Or, why are you messing around with all that backwards stuff?
Not too long ago, blocking while facing the opposite direction was a kind of special skill that super-cool blockers would pull out every once in a while to dazzle the fans. In the last year or two, it’s become more and more popular, and the expectation to be able to turn around and skate backward is officially codified by the WFTDA. Personally, I think it’s being used more often than it should be. Here’s the issue as I see it.
- You can see what’s coming at you
- Easy to wrap and hold someone once you have them caught
- Easy to hold at a slow speed (again, once you have them caught), with the advantage of using your toestops
- Potentially saves your point at the end of a jam
- You’re exposing a legal target zone, therefore: 1) You can’t pull a back block, and 2) You could get Scald Eagle-d
- Less pickup speed, lateral movement, and agilty while skating backwards
- No one’s really intimidated by that after they’ve seen it two times in real life
- More control over the opponent’s torso than her hips
- Potential of getting called for stopped block if you’re going slowly and the opponent stops pushing you
The big problem? Less pickup speed, lateral movement, and agility while skating backwards. We spend 90% or more of our practice time skating facing forward. That’s how we learn to take quick steps, positionally block, hit, slow down, and stop. The turnaround block is one trick in the bag, but it can be a very one-dimensional trick.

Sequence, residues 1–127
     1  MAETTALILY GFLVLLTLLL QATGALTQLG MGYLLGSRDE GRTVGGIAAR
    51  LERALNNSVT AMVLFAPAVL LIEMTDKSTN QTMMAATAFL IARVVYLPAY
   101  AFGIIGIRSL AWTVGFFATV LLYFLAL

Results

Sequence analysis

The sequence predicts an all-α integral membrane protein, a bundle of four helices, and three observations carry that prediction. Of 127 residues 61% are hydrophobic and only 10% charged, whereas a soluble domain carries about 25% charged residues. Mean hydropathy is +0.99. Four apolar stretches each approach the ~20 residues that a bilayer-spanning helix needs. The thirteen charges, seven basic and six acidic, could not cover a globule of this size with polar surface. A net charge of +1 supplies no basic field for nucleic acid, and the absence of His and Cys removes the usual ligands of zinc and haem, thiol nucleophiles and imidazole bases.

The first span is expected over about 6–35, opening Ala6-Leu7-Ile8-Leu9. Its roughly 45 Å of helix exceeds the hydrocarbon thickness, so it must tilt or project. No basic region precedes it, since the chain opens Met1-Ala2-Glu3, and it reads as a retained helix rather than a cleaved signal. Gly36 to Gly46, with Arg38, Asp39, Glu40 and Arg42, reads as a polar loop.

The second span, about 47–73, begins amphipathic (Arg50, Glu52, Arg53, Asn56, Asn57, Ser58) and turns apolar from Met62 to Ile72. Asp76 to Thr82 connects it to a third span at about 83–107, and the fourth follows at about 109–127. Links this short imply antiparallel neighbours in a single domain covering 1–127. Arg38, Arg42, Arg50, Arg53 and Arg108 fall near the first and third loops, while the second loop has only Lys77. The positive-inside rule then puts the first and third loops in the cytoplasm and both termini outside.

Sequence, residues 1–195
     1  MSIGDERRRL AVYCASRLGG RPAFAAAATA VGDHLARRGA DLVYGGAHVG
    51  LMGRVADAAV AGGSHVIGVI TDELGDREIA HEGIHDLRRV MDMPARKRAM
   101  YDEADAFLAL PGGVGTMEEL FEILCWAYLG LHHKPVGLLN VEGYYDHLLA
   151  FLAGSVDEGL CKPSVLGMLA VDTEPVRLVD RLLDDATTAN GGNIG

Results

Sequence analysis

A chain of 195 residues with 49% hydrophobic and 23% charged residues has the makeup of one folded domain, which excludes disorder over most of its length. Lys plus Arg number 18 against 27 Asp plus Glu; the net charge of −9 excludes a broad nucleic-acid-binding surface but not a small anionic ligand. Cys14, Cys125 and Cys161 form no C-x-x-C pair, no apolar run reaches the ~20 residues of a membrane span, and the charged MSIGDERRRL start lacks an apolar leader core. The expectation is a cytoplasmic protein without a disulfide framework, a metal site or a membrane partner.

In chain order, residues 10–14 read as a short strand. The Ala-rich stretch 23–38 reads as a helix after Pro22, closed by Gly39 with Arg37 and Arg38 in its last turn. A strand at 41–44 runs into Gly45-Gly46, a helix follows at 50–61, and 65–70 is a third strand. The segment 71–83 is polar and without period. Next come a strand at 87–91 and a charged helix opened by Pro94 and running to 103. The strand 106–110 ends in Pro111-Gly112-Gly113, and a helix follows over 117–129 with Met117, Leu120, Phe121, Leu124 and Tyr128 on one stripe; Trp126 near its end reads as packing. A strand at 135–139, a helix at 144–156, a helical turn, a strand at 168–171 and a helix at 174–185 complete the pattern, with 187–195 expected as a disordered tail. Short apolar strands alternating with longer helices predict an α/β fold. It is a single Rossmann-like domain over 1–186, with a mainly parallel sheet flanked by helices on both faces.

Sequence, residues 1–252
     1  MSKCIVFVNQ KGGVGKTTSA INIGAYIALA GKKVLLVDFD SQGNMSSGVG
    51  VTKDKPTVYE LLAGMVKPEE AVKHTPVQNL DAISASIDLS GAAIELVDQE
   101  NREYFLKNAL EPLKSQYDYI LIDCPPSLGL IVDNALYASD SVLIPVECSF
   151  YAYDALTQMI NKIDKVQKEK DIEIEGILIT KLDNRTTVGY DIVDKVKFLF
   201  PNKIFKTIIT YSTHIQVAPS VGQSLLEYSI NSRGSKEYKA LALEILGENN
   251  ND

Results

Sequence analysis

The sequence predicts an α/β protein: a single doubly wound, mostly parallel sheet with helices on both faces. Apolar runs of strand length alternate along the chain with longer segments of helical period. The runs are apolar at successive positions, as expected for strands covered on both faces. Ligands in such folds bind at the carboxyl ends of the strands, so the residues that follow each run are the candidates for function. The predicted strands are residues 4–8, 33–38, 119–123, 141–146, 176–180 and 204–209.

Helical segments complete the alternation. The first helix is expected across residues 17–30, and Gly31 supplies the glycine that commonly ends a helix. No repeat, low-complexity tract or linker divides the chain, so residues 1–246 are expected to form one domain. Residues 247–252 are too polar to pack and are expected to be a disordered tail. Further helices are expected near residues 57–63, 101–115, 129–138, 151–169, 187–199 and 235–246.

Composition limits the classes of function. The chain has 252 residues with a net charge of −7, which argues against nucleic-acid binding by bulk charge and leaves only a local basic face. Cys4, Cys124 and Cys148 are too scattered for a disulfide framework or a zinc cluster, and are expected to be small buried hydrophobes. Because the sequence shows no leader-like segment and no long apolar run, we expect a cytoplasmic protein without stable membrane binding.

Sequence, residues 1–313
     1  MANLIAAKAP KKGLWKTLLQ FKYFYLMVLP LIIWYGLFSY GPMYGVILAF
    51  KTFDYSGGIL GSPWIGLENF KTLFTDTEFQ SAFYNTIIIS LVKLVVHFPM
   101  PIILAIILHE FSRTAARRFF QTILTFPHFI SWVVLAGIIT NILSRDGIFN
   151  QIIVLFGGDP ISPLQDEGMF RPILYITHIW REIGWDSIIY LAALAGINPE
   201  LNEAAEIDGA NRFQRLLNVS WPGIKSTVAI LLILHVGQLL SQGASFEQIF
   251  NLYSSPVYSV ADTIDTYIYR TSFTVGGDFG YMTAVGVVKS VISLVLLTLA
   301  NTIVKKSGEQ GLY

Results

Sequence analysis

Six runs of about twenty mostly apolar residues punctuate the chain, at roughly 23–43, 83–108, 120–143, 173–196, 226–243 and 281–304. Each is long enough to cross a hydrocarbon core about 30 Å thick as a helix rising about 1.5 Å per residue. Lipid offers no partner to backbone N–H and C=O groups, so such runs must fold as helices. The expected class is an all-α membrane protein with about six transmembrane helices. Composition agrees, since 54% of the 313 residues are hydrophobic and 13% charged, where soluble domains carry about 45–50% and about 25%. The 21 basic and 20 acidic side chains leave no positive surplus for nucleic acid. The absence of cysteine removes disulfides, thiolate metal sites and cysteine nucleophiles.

I’ve seen way too many skaters swing around to miss a last-minute reverse block instead of taking a few quick steps to get a hip check in. Turning around takes time you might not have, so you’re essentially giving away one step to the jammer. Except in an end-of-jam, point-saving situation, I’m not sure why you would attempt to block facing your opponent unless she’s already slowed down and trapped.
Am I missing something here?
We also need to figure out what to call this kind of blocking. Announcers like to make me crazy by calling it an “intimidation block,” which is kind of like calling an uppercut a “scary jaw hurter.” A badass blocker is just as intimidating whether you’re hurtling toward her ass or her face. Her ass will probably do more damage.